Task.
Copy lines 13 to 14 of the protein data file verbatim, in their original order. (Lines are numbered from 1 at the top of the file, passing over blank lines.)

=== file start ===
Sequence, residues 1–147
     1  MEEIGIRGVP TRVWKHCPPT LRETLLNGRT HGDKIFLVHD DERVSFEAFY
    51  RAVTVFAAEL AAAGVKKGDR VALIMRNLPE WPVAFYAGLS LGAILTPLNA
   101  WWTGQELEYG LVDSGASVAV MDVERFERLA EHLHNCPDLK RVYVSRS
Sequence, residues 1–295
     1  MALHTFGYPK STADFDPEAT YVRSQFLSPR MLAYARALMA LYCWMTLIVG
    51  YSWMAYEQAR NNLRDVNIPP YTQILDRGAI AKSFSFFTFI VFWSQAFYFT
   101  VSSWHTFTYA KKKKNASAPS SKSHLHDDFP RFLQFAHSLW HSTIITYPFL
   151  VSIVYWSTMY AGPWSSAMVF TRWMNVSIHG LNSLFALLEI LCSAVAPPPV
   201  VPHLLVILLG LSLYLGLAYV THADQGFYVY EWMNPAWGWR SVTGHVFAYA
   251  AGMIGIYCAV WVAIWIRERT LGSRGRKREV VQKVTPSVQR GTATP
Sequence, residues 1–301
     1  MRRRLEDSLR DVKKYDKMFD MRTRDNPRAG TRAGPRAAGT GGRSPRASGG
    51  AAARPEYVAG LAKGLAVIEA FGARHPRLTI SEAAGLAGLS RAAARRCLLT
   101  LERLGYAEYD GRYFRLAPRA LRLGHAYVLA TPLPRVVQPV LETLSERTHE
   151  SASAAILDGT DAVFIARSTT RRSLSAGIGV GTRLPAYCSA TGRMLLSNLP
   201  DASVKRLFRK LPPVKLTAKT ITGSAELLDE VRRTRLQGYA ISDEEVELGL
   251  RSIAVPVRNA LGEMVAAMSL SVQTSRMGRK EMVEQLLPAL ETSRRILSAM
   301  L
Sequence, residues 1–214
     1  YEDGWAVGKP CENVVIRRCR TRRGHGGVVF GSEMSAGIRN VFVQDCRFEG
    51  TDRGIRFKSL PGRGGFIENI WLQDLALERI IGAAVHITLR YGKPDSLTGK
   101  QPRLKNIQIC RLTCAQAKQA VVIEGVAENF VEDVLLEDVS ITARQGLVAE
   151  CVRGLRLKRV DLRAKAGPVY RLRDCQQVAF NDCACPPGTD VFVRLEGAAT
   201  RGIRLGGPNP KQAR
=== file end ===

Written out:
     1  MRRRLEDSLR DVKKYDKMFD MRTRDNPRAG TRAGPRAAGT GGRSPRASGG
    51  AAARPEYVAG LAKGLAVIEA FGARHPRLTI SEAAGLAGLS RAAARRCLLT